[9] In May 2016, the Greek parliament has agreed with a narrow majority to conform to the demands of the international institutions involved to reducing the budget deficit to a bearable level unfortunately mostly by raising taxes instead of reforming the public sector.

[10] Thus is also the tone of voice of the memorandum “Europa neu begründen” (open). These accusations are distorting the facts in an remarkable way. It were rather the Greek negotiators who tried to blackmail other member states with the suffering of parts of the population to be expected in case of a bankruptcy of the Greek state.

[11] This applies (inter alia) to the reform of the financial management, the tax system, the pension system and the labour market.

[12] Stelter (2014) argues against Piketty that debts are frequently even a cause for inequalities, namely by the compared with average income from work higher earnings from property (e.g. interests), which are fostered by a policy of cheap money (lending rates).

[13] This can be illustrated particularly well using Italy as an example, which (with very few exceptions) increased public spending even in times of economic upturn and thereby also increased its budgetary deficit in the last 40 years. And the decline of Italy’s growth rate has begun long before cutting public spending.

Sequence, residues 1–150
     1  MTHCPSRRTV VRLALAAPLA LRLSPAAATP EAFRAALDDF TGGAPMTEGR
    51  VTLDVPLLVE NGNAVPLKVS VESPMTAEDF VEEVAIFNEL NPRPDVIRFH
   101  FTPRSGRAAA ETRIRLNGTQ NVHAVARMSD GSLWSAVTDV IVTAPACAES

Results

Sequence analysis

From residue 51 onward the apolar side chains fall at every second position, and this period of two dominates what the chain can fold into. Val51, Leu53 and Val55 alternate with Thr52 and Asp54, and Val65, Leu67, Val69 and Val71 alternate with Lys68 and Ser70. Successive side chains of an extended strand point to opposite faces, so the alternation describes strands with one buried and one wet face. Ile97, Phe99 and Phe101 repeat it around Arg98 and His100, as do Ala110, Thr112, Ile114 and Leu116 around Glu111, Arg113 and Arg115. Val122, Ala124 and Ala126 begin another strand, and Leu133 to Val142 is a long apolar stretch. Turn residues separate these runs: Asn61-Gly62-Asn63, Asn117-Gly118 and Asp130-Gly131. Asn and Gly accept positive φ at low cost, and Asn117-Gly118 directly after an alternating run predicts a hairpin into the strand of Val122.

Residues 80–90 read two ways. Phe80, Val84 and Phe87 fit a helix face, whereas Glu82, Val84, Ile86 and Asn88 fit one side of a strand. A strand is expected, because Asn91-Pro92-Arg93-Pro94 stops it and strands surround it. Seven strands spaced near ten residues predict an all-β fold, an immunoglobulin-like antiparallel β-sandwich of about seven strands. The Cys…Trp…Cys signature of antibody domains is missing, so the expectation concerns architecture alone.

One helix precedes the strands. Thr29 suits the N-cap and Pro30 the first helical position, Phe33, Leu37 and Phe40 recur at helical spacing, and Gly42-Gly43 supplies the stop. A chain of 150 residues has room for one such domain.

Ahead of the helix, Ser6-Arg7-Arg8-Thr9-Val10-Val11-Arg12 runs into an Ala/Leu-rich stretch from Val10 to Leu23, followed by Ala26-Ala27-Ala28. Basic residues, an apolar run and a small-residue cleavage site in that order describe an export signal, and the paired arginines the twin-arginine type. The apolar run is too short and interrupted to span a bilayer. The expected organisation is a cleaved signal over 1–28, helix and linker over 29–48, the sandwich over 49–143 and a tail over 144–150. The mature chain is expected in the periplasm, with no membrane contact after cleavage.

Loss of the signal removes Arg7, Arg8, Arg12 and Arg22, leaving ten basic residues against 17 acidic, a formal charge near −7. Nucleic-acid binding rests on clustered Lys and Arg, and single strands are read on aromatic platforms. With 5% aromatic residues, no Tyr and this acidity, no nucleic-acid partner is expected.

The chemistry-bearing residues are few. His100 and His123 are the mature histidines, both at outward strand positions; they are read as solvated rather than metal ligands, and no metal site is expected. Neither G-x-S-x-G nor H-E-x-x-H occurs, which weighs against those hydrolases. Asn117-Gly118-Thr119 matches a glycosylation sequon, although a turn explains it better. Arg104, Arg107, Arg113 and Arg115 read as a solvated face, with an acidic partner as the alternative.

[14] On the purpose, the limits and the conditions for a World State (Weltstaat), see for instance Habermas (2011), and Höffe (1999).

[15] On the question if, and to what extent, a European citizenship within an EU as a federation requires a common identity by shared values and, see e.g. Follesdal (2014).

[16] This deficiency would be an even bigger problem for a democratic union on the global level of course (see Pinzani [2004]).

[17] Habermas defines the public as “ein Netzwerk für die Kommunikation von Inhalten und Stellungnahmen, also von Meinungen [...]; dabei werden die Kommunikationsflüsse so gefiltert und synthetisiert, dass sie sich zu themenspezifisch gebündelten öffentlichen Meinungen verdichten” (1992, p. 436).